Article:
Striving to extend its influence in the eastern Mediterranean where tensions revolve around energy resources, Turkey sees Cyprus as the weakest link in a regional alliance buffering Ankara's ambitions, analysts told AFP.
The European Commission has said the EastMed natural gas pipeline deal signed by Cyprus, Greece and Israel yesterday (2 January) is a “welcome development” but insisted on exploring further the cost-benefits of the different options.
The Greek government said Sunday (22 December) it will sign an agreement for a huge pipeline project with Cyprus and Israel next month that is designed to ship gas from the eastern Mediterranean to Europe.
Most oil and gas experts agree that the East Med Pipeline Project is a pipe dream that cannot compete with cheap Russian gas. But America’s enthusiastic support for it is more about a re-alignment of alliances, and securing energy supply, writes Nour Samaha.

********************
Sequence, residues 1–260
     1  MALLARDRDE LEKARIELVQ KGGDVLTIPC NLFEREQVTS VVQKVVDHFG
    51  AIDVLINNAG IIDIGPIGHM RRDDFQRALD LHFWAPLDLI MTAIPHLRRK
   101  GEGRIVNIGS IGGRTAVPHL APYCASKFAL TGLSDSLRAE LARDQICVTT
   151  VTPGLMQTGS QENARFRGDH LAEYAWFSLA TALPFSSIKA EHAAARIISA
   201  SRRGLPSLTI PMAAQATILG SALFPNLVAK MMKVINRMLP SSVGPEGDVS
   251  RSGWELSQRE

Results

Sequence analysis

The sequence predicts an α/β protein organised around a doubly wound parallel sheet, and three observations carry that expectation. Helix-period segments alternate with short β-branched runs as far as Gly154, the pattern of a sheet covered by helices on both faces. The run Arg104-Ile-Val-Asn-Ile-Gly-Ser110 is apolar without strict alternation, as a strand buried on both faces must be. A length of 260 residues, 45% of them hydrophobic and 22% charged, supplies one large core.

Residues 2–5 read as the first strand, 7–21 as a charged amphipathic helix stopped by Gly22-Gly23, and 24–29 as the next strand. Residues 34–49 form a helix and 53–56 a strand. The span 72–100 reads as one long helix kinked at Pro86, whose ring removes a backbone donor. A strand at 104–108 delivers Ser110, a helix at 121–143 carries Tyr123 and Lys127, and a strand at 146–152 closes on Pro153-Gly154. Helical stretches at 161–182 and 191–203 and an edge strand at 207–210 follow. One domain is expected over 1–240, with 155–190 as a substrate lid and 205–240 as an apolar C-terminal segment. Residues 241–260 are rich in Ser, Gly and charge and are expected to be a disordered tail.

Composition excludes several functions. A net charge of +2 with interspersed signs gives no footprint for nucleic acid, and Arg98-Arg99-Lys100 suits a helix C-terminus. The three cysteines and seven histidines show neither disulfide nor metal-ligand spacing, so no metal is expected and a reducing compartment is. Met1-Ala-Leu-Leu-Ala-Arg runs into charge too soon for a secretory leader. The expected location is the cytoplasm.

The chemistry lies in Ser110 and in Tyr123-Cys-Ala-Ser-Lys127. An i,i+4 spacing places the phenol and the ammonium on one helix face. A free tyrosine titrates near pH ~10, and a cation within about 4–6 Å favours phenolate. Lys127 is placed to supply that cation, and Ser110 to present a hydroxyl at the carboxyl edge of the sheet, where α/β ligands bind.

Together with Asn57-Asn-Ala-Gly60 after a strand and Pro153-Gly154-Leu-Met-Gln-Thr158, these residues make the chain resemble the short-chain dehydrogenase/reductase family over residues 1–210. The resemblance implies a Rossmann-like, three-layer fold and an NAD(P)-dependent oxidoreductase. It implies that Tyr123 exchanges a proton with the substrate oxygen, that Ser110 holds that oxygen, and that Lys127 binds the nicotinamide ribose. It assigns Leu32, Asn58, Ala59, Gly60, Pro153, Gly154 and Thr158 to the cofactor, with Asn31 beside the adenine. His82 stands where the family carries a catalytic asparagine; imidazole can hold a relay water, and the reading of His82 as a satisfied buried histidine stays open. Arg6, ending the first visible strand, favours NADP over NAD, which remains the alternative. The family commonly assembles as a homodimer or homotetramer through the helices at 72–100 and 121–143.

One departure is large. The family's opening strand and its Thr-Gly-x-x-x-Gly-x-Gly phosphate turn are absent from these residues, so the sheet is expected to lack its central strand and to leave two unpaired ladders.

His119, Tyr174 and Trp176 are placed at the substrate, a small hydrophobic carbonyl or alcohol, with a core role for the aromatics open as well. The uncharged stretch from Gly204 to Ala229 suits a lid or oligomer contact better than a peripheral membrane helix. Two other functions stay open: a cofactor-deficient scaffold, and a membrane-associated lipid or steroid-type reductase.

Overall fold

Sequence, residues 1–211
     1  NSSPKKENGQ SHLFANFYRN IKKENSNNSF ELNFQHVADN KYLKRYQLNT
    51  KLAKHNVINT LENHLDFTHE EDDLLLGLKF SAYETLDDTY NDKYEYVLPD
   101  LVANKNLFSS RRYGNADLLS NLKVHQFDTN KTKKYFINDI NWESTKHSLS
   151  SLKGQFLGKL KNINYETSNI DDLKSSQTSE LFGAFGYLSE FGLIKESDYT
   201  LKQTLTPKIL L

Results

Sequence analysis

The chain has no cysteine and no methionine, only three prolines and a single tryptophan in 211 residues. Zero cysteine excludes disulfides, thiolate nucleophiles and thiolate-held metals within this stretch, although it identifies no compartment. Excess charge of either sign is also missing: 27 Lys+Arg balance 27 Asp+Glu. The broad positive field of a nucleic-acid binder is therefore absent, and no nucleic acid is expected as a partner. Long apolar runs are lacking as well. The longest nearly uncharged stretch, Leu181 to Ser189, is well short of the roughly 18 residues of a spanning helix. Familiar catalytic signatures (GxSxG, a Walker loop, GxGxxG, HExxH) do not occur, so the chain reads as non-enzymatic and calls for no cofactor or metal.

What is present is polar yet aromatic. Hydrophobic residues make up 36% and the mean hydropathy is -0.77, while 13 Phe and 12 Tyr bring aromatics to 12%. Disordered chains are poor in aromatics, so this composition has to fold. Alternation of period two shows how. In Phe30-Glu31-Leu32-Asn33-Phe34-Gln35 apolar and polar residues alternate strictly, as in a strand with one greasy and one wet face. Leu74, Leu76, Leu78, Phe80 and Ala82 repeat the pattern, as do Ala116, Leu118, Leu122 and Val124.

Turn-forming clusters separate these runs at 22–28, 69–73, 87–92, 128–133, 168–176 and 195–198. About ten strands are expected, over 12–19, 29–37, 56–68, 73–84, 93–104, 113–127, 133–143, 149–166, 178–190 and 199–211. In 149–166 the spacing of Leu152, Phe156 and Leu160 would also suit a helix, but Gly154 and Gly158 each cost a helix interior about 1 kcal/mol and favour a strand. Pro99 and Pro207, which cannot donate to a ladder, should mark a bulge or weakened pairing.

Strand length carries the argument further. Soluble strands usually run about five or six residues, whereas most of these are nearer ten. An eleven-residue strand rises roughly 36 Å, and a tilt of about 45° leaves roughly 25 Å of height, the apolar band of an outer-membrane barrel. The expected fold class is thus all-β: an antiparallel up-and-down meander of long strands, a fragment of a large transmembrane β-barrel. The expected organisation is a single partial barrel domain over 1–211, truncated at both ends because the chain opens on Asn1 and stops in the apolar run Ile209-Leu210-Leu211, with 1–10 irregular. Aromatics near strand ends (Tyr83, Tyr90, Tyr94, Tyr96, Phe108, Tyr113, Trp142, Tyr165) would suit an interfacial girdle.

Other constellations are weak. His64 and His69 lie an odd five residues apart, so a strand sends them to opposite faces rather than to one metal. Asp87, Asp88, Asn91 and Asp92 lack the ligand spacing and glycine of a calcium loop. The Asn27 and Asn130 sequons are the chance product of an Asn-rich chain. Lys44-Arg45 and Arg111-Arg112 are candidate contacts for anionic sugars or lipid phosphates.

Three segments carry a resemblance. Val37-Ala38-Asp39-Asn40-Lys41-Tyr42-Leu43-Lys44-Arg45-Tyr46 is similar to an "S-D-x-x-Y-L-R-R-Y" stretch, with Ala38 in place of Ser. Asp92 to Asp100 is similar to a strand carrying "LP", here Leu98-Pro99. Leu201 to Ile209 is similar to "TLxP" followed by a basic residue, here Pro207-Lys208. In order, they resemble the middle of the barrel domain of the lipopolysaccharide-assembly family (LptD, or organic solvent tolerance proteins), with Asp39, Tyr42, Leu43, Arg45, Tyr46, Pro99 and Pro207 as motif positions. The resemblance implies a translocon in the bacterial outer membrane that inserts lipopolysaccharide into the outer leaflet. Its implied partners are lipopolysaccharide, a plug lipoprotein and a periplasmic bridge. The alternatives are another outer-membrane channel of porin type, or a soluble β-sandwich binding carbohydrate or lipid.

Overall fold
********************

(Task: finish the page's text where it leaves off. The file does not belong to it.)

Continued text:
Israel is moving quickly with the help of the US in a bid to transform Europe’s energy market. But geopolitics – and a large dose of local activism – could change the economic calculation for the EastMed pipeline, writes Joseph Dana.
The discovery of massive natural gas fields off Israel’s northern coast more than a decade ago and subsequent attempts to export this gas to Europe have highlighted the true fault lines in the Turkish-Israeli alliance, writes Joseph Dana.
The need for fast, accurate and balanced information is always important. We value EURACTIV's good, independent journalism and support this initiative
Mella Frewen, Director General of FoodDrinkEurope
EURACTIV plays a vital role in bringing Europe closer to its citizens. EURACTIV has long recognised that the story of Europe has to be told across the continent, and not just in Brussels. We need to support a truly European and informed debate.